Some post-quake injuries 'avoidable'
Further education is needed to teach people what to do after an earthquake, not just during the shaking, the Safety 2012 conference has heard.
Professor David Johnston, director of the Joint Centre for Disaster Research, told the Wellington conference today that 45 per cent of the injuries caused by the September 2010 quake and 18 per cent of those caused by the February 2011 quake happened after the shaking stopped.
Johnston's project looked at more than 9000 ACC claims to determine the nature and type of injuries experienced during the quakes.
The September 2010 quake saw 377 people suffer injuries during the quake, but more than 1000 were injured when the shaking stopped.
The February 2011 quake injured 3129 people during the shake and 1293 were injured in the aftermath.
Johnston said the data, which did not look at the seriousness of injuries, showed that many injuries could have been avoided if people knew how to act once the shaking stopped.
''Even if we had really strong buildings and secure fittings, people's response actions actually led to a significant proportion of injuries.''
He said avoidable injuries included cutting feet on glass, tripping over debris or falling down stairs.
Johnston said children and the elderly were often ''disproportionately affected'' by disasters, but the figures showed Canterbury's quakes had injured a much higher percentage of adults.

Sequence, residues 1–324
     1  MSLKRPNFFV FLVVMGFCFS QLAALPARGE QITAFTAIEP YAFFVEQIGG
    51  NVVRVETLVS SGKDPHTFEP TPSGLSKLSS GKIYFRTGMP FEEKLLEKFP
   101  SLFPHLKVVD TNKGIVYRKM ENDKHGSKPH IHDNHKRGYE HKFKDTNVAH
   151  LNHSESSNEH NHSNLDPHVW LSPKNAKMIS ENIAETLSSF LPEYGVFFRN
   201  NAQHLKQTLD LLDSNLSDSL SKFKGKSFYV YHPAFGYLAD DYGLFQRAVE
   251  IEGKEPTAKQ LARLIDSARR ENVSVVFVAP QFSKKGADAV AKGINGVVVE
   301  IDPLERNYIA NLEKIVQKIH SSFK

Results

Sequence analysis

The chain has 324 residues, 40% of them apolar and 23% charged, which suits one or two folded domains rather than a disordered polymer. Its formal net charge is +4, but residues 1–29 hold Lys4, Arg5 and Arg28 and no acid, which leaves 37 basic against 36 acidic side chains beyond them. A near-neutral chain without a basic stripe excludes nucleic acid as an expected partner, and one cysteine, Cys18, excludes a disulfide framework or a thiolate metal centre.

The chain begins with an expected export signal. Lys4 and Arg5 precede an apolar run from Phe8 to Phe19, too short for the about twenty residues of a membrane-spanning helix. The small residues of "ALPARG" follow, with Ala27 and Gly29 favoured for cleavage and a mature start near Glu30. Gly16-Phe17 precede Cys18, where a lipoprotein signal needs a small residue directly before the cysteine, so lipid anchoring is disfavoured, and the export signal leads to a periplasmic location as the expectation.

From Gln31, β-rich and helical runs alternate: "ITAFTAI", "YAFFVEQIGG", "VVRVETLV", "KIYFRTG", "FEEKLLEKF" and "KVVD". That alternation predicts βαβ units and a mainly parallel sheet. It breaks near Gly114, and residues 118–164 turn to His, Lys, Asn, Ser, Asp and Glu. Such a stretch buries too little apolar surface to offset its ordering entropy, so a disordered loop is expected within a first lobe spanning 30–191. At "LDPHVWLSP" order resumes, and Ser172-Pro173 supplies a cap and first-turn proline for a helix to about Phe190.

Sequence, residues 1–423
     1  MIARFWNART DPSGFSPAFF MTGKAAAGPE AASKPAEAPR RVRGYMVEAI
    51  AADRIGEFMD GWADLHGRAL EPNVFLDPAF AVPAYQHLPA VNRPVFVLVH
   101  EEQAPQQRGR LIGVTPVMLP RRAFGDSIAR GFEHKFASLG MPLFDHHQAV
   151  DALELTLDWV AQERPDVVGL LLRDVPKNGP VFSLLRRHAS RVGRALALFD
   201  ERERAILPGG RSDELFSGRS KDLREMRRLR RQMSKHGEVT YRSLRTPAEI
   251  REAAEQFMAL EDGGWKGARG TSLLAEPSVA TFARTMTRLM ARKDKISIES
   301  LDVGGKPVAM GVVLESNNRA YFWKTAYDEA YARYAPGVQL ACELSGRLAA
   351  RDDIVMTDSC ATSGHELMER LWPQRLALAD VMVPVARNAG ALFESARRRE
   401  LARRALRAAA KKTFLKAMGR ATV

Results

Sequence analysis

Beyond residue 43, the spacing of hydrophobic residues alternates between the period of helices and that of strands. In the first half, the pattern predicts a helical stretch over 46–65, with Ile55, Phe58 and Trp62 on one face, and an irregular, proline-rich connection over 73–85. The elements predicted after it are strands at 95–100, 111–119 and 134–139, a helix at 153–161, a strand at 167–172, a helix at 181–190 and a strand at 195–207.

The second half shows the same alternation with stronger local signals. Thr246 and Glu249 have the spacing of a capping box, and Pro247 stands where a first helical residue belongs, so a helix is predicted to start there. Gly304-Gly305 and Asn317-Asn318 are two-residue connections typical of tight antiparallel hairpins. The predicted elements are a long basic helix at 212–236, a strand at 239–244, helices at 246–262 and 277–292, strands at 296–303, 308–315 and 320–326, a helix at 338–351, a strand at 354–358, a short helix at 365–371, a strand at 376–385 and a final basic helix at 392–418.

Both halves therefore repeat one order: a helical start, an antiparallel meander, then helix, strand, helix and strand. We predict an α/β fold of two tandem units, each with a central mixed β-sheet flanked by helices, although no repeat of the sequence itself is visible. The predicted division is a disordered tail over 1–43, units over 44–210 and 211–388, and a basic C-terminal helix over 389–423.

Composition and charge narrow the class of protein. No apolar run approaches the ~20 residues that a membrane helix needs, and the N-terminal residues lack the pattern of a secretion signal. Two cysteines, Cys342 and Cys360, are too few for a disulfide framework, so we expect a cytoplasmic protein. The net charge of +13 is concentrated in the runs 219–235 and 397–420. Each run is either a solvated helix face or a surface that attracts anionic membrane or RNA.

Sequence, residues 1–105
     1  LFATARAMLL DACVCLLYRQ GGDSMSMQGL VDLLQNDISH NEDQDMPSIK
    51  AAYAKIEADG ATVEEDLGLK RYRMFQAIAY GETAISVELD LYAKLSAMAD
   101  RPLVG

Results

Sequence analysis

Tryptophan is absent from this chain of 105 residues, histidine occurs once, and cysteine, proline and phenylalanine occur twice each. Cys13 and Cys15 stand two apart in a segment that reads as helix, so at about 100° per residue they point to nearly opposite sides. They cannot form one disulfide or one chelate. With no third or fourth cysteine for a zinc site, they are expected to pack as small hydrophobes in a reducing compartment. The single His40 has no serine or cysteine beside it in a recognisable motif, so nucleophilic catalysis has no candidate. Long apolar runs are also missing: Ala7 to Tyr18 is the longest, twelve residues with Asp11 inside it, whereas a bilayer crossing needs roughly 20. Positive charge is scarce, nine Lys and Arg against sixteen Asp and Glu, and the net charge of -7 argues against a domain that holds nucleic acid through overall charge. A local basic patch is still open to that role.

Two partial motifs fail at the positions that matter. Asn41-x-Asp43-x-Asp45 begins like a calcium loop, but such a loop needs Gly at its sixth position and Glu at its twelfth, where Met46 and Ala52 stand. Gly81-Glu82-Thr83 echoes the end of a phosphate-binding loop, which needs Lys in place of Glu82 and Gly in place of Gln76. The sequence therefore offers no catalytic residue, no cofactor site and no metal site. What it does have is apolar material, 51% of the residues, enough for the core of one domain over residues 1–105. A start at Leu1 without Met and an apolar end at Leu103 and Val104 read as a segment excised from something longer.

About 120 children aged 17 and under injured during the September 2010 earthquake, including aftershocks within a month of the quake, compared with 1708 adults and 428 people aged 65 and over.
The February 2011 quake and its aftershocks injured 304 children, 5406 adults, and 1461 people aged 65 and over.
Many people also suffered ''secondary'' injuries during the cleanup phase of the disaster. Secondary injuries included things like sprained backs from shifting silt or falling off ladders while removing damaged chimneys.
Almost 500 people received secondary injuries after the September quake, and 1881 suffered injuries during the cleanup phase after the February quake.
Johnston said the research had shown that ''drop, cover and hold'' was still the right action to take during an earthquake, but more education needed to be shared on what to do after a quake.
''Even after the shaking stops, you still need to exercise caution,'' he said.
What to do during an earthquake:
Civil Defence advice states it ''is absolutely vital that people respond immediately'' after a severe earthquake, as confusion about what to do could result in people being seriously injured or killed.
■ Those inside when an earthquake hits should wait until the shaking stops and make sure it is safe to exit before leaving the building.
■ Those outside should move no more than a few steps away from buildings, trees, streetlights and power lines, then drop, cover and hold until the shaking stops.
■ Drivers should pull over to a clear location, stop and stay there with their seatbelt fastened until the shaking stops. They should continue with caution and avoid bridges or ramps that could have been damaged.